Dairy industry in Bangladesh: Prospects and roadblocks
It may appear alien to many that traditional milk collectors and sellers, known as Goalas, used to visit households with their milk containers every morning to sell fresh milk. And households used to buy from them.
Over the last two to three decades, things have changed a lot. Several industrial processors have emerged—collecting, processing and selling milk and milk products in packaged form with the promise of hygiene and quality. And Goalas have started losing their prominence.
Today, an increasing number of people are shifting to packaged or powdered milk in their quest for safe food. At the same time, processors have increased processing and expanded their footprints in the urban landscape.
Now, more than half a dozen milk processors are processing 10 lakh litres of fresh milk daily, which is more than double the amount they could process a decade ago. And organised milk processors, gradually encouraged by business prospects arising out of increasing demand for milk and milk products, are increasing the volume of processing.
“With a change in food habits, we find that there is growth of milk consumption every year,” said Md Muniruzzaman, executive director of PRAN Dairy Ltd, a concern of the country's biggest agro-processor Pran.
Pran, now the market leader in UHT (Ultra Heat Treatment) and pasteurised milk category, entered the sector in 2003 sensing immense potential in the dairy sector because of a deficit in domestic milk production against demand. As a result, the country has to import more than 100,000 tonnes of powdered milk and dairy products by spending Tk 2,000 crore a year, according to data by Bangladesh Bureau of Statistics and Bangladesh Bank.
Industry insiders have said that this huge supply-demand gap offers business prospects as there is scope to increase milk yield per cow in the country as there is a high density of cattle population.
The World Bank, recently in a document, said growing demands for animal source food, a high density of cattle population, very high potential for productivity improvement, agro-ecological conditions favourable to feed production, availability of crop residues, and a culture of mixed crop-livestock farming represent assets the sector can build on.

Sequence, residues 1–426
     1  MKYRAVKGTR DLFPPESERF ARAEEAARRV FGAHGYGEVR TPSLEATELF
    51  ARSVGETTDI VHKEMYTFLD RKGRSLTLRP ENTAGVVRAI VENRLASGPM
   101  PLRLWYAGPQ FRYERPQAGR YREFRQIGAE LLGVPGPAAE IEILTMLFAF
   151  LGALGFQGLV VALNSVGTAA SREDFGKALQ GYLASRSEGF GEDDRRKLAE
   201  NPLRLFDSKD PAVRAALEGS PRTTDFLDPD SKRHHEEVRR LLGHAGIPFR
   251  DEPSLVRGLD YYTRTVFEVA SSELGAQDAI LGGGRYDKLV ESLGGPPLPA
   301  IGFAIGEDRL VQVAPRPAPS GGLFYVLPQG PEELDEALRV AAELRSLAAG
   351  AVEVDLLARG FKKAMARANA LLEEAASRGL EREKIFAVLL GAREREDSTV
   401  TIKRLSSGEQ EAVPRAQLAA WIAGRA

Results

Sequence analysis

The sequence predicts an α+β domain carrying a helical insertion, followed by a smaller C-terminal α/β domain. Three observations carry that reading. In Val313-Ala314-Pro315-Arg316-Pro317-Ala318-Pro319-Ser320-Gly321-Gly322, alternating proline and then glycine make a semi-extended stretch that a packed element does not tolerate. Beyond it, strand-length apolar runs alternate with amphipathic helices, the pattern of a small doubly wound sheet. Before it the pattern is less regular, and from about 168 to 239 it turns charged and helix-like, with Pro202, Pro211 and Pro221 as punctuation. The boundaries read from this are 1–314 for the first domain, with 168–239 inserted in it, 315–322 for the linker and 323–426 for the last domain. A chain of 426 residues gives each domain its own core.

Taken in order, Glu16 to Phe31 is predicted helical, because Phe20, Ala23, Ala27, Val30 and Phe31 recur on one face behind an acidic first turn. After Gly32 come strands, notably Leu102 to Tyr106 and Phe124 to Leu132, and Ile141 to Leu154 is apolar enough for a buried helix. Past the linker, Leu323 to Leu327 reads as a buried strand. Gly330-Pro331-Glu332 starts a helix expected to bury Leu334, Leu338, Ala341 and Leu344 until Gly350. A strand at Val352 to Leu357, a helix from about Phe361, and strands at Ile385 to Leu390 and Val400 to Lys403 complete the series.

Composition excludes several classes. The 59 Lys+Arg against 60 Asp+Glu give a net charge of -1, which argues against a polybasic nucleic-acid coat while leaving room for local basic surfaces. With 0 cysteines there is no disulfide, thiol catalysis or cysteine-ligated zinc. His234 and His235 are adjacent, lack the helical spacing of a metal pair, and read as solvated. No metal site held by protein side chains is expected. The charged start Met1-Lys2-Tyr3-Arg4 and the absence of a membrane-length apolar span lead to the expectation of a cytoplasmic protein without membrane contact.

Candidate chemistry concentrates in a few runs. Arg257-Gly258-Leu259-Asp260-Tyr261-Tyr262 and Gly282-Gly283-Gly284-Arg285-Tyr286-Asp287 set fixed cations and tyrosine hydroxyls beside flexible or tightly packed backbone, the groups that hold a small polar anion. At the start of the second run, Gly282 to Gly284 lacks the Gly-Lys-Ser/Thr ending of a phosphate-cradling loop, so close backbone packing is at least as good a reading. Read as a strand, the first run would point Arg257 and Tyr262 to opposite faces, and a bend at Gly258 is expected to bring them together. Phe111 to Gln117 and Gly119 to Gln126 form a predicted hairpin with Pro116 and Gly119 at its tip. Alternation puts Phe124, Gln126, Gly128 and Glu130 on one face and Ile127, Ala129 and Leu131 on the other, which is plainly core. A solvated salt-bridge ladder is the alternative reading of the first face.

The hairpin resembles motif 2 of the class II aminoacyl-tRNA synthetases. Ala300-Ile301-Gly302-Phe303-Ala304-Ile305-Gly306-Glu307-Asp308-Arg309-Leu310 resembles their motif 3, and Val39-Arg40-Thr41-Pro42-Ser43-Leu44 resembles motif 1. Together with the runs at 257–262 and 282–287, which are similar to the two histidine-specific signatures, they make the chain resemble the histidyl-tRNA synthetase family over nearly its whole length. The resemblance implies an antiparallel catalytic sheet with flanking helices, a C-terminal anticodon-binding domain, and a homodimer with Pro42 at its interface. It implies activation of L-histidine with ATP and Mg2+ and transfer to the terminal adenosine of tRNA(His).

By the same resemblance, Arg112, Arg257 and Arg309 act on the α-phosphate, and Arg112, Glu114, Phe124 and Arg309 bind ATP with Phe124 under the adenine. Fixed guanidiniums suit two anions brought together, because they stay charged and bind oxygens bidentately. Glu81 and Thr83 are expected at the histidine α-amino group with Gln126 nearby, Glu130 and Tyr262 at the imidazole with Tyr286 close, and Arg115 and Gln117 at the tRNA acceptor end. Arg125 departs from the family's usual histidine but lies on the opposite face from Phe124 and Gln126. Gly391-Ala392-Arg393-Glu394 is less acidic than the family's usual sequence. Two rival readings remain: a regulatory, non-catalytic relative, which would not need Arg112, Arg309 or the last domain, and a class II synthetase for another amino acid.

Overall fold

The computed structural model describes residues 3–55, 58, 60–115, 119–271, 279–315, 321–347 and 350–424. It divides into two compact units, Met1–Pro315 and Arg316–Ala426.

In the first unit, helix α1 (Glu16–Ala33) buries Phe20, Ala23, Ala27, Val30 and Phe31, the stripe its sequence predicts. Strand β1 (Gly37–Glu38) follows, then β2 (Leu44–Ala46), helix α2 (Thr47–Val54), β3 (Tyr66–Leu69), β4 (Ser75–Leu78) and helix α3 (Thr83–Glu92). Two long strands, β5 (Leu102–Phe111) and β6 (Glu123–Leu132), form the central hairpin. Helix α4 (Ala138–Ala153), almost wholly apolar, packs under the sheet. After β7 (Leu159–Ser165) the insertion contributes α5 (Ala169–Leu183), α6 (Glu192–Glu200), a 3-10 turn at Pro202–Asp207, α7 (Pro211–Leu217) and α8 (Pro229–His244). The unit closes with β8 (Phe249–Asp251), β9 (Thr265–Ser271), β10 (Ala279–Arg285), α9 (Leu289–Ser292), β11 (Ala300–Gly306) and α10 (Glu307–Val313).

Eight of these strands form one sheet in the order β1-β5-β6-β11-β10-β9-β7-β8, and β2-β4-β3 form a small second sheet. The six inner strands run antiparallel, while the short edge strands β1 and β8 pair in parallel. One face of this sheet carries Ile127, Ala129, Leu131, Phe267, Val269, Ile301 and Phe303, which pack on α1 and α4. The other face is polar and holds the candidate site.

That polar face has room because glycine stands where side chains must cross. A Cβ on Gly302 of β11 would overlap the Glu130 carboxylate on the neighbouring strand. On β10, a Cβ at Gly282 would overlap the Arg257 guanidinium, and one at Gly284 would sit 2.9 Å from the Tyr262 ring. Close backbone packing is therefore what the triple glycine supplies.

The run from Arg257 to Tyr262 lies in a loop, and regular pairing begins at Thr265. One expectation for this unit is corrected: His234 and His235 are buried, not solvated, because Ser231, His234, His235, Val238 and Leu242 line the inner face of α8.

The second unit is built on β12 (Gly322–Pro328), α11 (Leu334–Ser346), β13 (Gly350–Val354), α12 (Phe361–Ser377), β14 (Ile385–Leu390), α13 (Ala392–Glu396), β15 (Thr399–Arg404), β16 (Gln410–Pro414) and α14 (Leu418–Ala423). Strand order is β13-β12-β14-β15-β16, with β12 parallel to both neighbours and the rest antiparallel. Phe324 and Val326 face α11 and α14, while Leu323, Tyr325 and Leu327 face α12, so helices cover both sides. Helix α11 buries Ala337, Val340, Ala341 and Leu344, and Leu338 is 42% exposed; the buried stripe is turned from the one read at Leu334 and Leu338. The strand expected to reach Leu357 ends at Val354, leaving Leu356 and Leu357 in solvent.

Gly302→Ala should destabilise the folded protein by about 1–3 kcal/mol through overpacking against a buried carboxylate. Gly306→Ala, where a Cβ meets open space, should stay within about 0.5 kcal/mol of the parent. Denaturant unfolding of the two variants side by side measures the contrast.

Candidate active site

Muniruzzman said Bangladeshi cows are low in yield providing 2-5 litres of milk per day. “If new breeds of cows are developed, they can provide even 14-15 litres of milk per day. This is not an overnight process but a gradual one that will develop generation by generation. Within 10-20 years, this can be done,” he said adding that Pran works with 12,000 farmers in five dairy hubs in four districts—Rangpur, Natore, Pabna and Sirajganj—to improve productivity.
He said because of a deficit in domestic production, Bangladesh still has to import a huge amount of powdered milk every year to meet the demand of households and sweets industry, as well as for making value-added products like cheese, butter and yogurt.
“This is because farmers did not even consider dairy as their profession like they do farming. Even today in the villages, farmers consider the cows to be the responsibility of their wives while they concentrate on the bulls, which they can use for ploughing land,” he said.
Dairy farming expanding
However, things are changing.
New faces are entering the dairy farming sector and many existing farmers are focusing on improving productivity of their cows through artificial insemination, providing better care and proper feeding.
In addition, milk processors such as Milk Vita, Pran and Aarong are supporting farmers.
“Many educated youths have started cattle farming for milk and meat production in the last five years. As a result, supply of milk is now double the amount produced five years back,” said Mohammad Shah Emran, general secretary of Bangladesh Dairy Farmers' Association (BDFA).
Emran started his farm, Shopno Dairy and Fisheries, at Trishal in Mymensingh, with only two milking cows and three heifers, in early 2015. Today, it has 22 cows, including 12 milking cows.